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WHITEHOUSE STATION, N.J. -- Quick Chek recently ended a grassroots campaign to collect customer signatures urging lawmakers to rein in credit-card companies and their interchange fees, reported the Asbury Park Press.
"We accept credit cards because it's a convenience for our customers," said John Schaninger, vice president of sales and merchandising at Quick Chek. "We have no ability to shop around because there's 10,000 banks that charge the same fees, and there's nothing that can be done about it."
The use of plastic to pay for merchandise has soared in recent years. Debit card use, in particular, has increased from 8.3 billion transactions in 2000 to 25.3 billion transactions in 2006, overtaking credit cards in frequency, according to a report released by the Federal Reserve Bank of Philadelphia.
Convenience stores said two-thirds of their customers pay by plastic, with debit card use rising fast. A survey last February by NACS -- the Association for Convenience and Petroleum Retailing, found 27 percent of consumers paid for gasoline with a debit card, up from 21 percent in 2007.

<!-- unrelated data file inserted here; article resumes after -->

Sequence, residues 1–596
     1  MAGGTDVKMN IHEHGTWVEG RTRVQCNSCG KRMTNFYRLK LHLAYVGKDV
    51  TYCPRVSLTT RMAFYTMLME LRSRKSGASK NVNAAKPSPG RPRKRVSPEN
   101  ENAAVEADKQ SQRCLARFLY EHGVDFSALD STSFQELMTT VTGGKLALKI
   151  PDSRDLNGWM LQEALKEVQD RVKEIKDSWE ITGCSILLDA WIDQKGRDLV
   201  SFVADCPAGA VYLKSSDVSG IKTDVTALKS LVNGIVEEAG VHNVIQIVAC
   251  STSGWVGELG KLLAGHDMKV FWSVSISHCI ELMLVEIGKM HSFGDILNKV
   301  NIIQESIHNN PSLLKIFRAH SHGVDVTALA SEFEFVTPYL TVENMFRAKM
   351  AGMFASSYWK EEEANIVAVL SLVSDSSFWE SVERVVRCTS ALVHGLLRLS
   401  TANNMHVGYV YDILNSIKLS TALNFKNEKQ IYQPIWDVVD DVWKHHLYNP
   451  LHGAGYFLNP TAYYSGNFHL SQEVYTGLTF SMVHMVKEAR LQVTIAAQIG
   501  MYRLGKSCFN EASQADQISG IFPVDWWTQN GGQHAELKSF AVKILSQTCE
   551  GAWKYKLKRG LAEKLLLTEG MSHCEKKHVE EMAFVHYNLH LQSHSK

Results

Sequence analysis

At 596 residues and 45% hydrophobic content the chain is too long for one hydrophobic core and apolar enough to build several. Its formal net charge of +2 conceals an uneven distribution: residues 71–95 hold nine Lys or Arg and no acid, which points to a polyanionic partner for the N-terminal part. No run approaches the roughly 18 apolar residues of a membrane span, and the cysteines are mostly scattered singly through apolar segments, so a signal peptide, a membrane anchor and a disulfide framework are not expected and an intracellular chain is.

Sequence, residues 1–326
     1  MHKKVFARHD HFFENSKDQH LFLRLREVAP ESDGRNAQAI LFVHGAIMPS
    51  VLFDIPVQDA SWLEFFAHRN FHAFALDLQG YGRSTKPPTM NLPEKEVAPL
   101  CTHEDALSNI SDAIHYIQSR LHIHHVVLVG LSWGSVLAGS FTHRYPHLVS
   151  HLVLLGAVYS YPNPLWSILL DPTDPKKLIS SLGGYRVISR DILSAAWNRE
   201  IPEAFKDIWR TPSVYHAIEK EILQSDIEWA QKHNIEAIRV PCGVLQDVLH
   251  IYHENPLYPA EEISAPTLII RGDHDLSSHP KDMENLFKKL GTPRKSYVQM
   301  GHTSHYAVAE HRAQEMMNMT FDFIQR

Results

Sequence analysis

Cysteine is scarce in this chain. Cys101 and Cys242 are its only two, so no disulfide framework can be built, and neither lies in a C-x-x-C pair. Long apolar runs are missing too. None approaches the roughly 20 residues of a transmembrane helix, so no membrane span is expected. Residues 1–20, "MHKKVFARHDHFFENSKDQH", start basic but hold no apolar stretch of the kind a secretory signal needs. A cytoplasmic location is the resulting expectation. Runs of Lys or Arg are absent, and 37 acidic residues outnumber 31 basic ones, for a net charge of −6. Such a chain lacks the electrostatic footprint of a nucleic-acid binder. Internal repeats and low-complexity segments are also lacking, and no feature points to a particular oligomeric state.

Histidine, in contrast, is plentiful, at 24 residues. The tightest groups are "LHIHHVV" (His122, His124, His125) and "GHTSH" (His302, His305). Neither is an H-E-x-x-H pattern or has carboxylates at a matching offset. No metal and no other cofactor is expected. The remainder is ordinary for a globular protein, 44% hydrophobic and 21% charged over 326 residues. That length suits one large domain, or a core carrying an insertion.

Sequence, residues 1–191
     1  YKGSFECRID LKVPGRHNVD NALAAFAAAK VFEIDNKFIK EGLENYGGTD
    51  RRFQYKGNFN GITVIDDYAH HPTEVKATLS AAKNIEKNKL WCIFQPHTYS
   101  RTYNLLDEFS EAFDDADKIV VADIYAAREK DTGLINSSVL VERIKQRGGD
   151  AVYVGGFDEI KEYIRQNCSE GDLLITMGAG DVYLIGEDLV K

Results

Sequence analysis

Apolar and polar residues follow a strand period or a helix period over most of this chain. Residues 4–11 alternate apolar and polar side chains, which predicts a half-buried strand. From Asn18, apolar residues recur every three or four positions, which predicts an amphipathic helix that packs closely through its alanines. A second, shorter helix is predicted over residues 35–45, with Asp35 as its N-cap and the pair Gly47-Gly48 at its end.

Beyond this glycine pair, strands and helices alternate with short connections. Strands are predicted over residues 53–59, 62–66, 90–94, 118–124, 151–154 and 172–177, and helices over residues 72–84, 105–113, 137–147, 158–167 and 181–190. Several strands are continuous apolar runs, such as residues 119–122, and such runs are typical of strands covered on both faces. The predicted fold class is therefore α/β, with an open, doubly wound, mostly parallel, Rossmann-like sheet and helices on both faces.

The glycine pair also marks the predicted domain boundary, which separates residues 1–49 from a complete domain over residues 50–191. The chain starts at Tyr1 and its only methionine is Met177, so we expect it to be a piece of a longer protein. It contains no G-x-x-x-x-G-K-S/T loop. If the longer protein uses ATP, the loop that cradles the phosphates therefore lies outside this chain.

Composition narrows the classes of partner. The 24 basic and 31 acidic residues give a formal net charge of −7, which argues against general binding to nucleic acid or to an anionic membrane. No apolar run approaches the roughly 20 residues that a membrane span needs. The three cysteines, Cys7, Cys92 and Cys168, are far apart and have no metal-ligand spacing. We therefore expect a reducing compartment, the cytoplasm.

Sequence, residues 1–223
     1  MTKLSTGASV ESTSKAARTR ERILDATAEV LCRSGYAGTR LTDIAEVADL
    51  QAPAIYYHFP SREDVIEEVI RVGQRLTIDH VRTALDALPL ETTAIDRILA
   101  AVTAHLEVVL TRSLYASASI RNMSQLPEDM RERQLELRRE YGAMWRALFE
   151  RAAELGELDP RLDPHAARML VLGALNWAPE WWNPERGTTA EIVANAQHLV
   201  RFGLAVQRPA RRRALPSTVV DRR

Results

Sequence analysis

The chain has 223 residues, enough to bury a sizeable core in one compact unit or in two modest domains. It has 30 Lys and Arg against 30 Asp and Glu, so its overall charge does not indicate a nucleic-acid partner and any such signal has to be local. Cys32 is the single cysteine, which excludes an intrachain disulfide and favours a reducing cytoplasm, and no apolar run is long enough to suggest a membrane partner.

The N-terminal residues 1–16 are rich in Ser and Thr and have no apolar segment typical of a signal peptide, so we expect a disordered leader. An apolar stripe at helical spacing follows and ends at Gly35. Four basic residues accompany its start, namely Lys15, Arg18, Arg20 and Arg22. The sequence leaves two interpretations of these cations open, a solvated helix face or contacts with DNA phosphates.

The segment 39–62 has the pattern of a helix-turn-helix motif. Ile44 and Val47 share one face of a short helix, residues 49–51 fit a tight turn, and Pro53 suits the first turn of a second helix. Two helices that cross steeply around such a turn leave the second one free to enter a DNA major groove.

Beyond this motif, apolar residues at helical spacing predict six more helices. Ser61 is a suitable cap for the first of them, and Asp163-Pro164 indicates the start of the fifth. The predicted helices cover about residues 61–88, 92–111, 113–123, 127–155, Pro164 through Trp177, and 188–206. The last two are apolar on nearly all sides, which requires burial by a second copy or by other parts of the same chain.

The association said it has given banks a windfall; banks in 2008 took in $48 billion in fees, three times more than 2001. It forces them to raise the prices on their merchandise. And it is such a hefty fee that it can be their biggest expense other than labor.
"Every other cost is negotiable," said NACS spokesman Jeff Lenard in the report. "You can figure out rent, labor expenses, utilities costs. But this is a fee that keeps growing and is nonnegotiable."
Quick Chek's petition drive comes a year after 7-Eleven delivered more than 1 million signatures from customers who urged Congress to curtail the rising interchange fees, Lenard said.
Congress has introduced at least one bill that would regulate interchange fees more heavily. But banking advocates said negotiating an interchange fee agreement with each of the 16,000 credit card issuers isn't reasonable. And the campaign by convenience stores is simply an attempt to shift the transaction's cost to consumers.
"These fees exist for a reason," said Trish Wexler, spokeswoman for the Electronic Payments Coalition, a Washington, D.C.-based trade group representing financial services companies. "It's a matter of who should pay for these fees. Should merchants pay for these fees or should customers? The merchant receives lots of benefits."
At Quick Chek, Schaninger said the industry is so competitive that his company would pass any savings from lower interchange fees to customers. For now, all he can do is hope customers to the company's convenience stores pay for their items with cash.
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